When you hear the word “commune” or the term “communal living,” you might immediately think of 1960s counter-culture radicals living on a farm somewhere, or of a cult that ended in dramatically violent fashion back in the 1970s. But the concept is getting a fresh look in the modern age.
Communal living is a group of people choosing to pool resources and live in close proximity, sharing the costs and labor involved in daily life. Traditionally, communal living was based on shared ideologies or lifestyles, but increasingly communal living is being redefined as “intentional communities.” The focus is more on co-housing, with members of the community enjoying private living spaces while sharing in the amenities, upkeep, and administration of the community as a whole. Intentional communities can still be large-scale rural sites, but increasingly, they’re also located in urban areas, and can be quite small—in fact, the term “householding” describes groups of people co-housing in a single house, typically a home with enough space and infrastructure to support a large group of people but nowhere near as large as the old-school farm-based commune.
Most of us still see owning our own private home as the goal, but as many of us struggle to deal with a challenging economy, a growing sense of loneliness, and a housing market that seems impossible to break into, it’s time to reconsider the communal life.
Financial benefits of communal living
If you’re living paycheck-to-paycheck, you’re probably frighteningly aware how fragile your financial life is. A communal lifestyle might offer a solution because of two simple factors:Shared costs. In a communal setting, all the costs are borne by everyone in the community. Utilities, groceries, maintenance costs—it’s all divided up, greatly reducing each individual share and making housing more affordable overall. One study found that people living in a co-housing arrangement saved between $200 and $2,000 per month. Shared services. Aside from direct cost-savings, intentional communities also offer a lot of shared community-based services. Things like childcare and senior care are often part of the communal living experience. Considering that the average weekly cost of daycare is approaching $300, this represents a significant financial benefit.
For this reason, a commune-style community is often a short-term solution for those who are struggling financially. Sharing the costs of living and reducing your expenditures in exchange for shared responsibility for a property and a community can leave more money to reduce debt and give you breathing room to recover financially. Some communal living spaces will consider accepting barter in lieu of rent or other financial contributions, making them even more financially advantageous for those who can’t afford a more traditional living arrangement.
To be fair, there are often significant up-front costs involved with intentional communities. You have to buy into many established communes, for example, and the up-front costs of a house or apartment in an intentional community can be as much—or more—as a similar home in a traditional community. Over the long-term, however, these up-front costs will be recouped through the lower cost of living these communities offer. And banding together with other families or individuals to form an intentional community can also enable you to live on and own a property that offers more amenities than you could get on your own—people have formed these communities in order to purchase luxury properties that would be far beyond their financial reach individually, for example.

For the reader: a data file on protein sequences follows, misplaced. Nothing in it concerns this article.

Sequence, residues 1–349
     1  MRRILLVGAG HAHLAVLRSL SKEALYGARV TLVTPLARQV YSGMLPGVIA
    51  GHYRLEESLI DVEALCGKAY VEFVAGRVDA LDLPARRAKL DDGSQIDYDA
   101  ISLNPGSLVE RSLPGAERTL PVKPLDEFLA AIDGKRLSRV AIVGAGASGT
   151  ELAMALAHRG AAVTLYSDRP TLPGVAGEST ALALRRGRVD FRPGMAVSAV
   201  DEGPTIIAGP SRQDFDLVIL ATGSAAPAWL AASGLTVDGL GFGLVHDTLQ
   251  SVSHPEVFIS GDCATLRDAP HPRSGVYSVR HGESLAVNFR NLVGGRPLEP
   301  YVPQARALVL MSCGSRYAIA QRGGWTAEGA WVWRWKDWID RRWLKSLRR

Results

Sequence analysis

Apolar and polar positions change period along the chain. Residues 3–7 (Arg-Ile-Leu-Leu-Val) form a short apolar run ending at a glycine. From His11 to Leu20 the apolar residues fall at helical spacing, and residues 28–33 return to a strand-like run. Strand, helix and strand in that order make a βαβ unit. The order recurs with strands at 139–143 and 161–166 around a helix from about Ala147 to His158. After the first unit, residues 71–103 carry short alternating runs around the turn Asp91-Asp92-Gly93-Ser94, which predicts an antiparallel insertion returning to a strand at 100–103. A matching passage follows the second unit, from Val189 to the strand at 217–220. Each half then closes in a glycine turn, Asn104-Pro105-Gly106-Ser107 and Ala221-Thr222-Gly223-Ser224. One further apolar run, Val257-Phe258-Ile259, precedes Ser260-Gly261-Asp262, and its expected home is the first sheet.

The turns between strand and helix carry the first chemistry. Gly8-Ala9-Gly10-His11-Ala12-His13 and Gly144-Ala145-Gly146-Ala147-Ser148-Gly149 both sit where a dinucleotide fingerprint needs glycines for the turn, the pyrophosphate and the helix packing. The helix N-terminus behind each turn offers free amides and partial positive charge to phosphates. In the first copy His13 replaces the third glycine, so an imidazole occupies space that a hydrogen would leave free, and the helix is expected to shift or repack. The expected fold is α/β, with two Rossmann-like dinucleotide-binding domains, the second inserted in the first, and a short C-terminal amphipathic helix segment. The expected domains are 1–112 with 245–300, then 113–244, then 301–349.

Emotional benefits of communal living
Just as important as the potential financial benefits of an intentional community are the potential emotional and psychological benefits. In a world where remote work and an increasingly online lifestyle can make people feel isolated, studies have demonstrated that a communal living arrangement can offer a sense of companionship and community while reducing anxiety.
Writer and urban policy expert Diana Lind has noted that in the recent past, homes were much larger because they were designed for inter-generational living, while modern homes are more geared toward living apart from family. That has led to a more isolated lifestyle, exacerbated by our car-based modern world where homes are far away from other communities and resources, making our lives lonelier and lonelier. Lind argues that a more communal approach to housing would reduce these negatives.
It’s not just psychological, either. Stronger social ties have been shown to reduce health risks, shorten recovery times, and extend lifespans—and there’s no easier way to instantly have a stronger sense of community than by joining a co-housing or commune arrangement.
Not everyone finds the idea of communal living attractive, and for some, the greatest benefit of private property is the isolation and the fact that you don’t have to share any of it with anyone. But if you’re struggling financially or spiritually in the modern world, consider whether your life might be better if you shared at least some aspects of your living arrangements with others.